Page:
Dances With Wolves


For as long as I can remember, I’ve been afraid of the darkness.  As a child I had a fondness for Freddy Krueger.  I was captivated by his claws, fascinated by his fire-burnt face, enthralled by the inescapable idea that he comes and kills you in your dreams.  From there I found “Bloody Mary,” summoned her on several mirrors, and called out to whoever I could on the Ouija board, seeking out spirits and gathering ghosts. 

I realized that this was not really the darkness I was afraid of, though – not of metaphorical monsters and closet-dwelling dangers, not of what’s lurking in the lair under my bed or the goblin that’s going get me.  I was not really afraid of nightly terrors that torment; I was afraid of the darkness that I thought could devour me – not an outside obstacle, but a war within.  Like the Native American parable portrays, there were two wolves waging a battle within me, within all of us, good and bad, right and wrong, dark and light, the ultimate question being ‘which wolf will win?’ Well, the one that you feed. 

There was a time when I was starving my good wolf and gorging my bad.  I was feeding the darkness, watched it lick its lips waiting for the next meal, my next mistake, knowing that it could taste my weakness on its tongue and sat salivating for something to quench its clutch on me.  I had never met anybody who was so lost in their own darkness, a masochist to their own matrix, their own horror story, their own worst nightmare, until I realized that the monster in the mirror was me. 

Years later, I started working with girls who were incarcerated.  There was one who had kind eyes that betrayed her façade.  She was quick with compliments, gave really good hugs, had a voice that sent chills up my spine when she sang, was just a pleasurable person to be around.  I had her pegged as a shoplifter.  That was the scenario that I saw her in, something simple like “The Make-Up Mobster” or “The Five Finger Discount Diva” or “The Leading Lady of Looting.”

Then the day came when I found out the truth.  My favorite little felon was a murderer, some would say, a monster.  I was catapulted into a moral crisis, questioning my own convictions, fighting a battle with my own beliefs, trying to figure out how I really felt about forgiveness and people’s ability to change.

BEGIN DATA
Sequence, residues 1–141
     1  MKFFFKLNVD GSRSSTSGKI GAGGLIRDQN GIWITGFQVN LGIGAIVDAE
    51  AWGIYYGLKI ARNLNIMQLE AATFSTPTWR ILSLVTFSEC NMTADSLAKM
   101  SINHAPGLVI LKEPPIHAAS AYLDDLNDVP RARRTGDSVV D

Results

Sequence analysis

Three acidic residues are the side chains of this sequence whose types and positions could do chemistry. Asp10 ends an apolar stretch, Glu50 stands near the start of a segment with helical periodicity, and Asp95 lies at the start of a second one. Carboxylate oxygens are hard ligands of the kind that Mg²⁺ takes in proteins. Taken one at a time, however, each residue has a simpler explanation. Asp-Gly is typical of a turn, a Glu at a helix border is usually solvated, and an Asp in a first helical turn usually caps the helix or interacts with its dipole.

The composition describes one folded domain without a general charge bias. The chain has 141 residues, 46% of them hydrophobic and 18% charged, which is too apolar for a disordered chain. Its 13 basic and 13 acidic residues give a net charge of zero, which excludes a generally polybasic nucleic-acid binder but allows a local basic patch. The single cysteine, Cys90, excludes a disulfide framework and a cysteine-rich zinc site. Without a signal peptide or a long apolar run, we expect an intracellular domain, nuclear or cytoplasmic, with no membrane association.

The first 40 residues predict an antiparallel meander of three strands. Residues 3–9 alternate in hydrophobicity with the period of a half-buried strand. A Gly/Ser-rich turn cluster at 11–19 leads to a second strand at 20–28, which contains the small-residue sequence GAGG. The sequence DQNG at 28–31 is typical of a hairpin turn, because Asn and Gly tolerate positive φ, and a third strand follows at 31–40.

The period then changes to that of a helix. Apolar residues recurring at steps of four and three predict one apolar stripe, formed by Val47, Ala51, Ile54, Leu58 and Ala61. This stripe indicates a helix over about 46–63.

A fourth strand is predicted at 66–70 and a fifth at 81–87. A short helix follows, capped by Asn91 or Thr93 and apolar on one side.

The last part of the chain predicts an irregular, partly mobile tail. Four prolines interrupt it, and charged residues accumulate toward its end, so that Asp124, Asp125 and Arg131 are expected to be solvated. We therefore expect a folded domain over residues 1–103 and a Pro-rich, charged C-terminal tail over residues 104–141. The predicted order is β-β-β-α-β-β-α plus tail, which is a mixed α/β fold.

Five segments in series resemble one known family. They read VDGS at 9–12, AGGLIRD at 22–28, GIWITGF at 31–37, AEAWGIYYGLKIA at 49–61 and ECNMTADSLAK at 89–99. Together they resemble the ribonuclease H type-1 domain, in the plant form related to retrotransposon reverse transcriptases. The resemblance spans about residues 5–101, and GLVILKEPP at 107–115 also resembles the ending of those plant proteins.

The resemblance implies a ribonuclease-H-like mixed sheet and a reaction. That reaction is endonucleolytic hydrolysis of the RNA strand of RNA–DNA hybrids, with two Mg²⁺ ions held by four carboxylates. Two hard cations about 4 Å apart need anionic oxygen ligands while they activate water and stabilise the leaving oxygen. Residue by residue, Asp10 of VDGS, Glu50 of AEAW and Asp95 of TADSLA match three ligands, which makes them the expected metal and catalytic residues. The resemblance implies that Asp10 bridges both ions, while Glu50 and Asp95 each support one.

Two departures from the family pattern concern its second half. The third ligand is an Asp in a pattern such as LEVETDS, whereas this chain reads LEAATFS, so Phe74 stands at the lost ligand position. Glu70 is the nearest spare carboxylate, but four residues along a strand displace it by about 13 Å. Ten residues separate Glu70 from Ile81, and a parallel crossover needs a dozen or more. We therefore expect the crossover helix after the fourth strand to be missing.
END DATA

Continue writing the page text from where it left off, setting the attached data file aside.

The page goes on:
During one visit, I asked her to paint my nails.  I listened as she talked, thinking about how delicately she painted, about how soft her skin felt every time it brushed mine, about how the hands that were touching me had stabbed someone to death.  That week I saw a quote that catered to my conscience.  It said, “Until we have seen someone’s darkness, we don’t really know them.  Until we have forgiven someone’s darkness, we don’t really know love.”  I contemplated that. 

Her darkness wasn’t an abstract art piece; it had touched me with fingers begging forgiveness.  I had seen it, through her bright blue eyes longing for love.  I had heard it on her lips that felt like they didn’t deserve to smile, in her voice that betrayed her villainy.

I will never condone what she did, but that doesn’t diminish my capacity to care for the ones on the end of the blades and bullets and, also, for the ones using them. 

I hope that she doesn’t always see a monster looking back at her when she looks in the mirror.  I hope someday she can sleep and not be her own worst nightmare.  I hope her horror story has a happy ending. 

I know I’m not a kid anymore, but…I’m still afraid of the darkness, just not my own.  My good wolf is well fed. It dances with the darkness, howls at the moon and celebrates its survival. Maybe, her wolves are still battling or, maybe, her good wolf is just a pup or, maybe, it died with the person that she killed.  But, if it is still alive, I hope it can feast on scraps that she feeds it, because I know that she isn’t a soul-sucking wraith, but prison might be.  And, I know after the decades that it will be caged, her good wolf will be ready to run free when she gets out.

When it comes to the darkness, I try to remind myself that, when the sun goes down, the stars come out and so does the moon, and my wolf will be waiting to hear hers.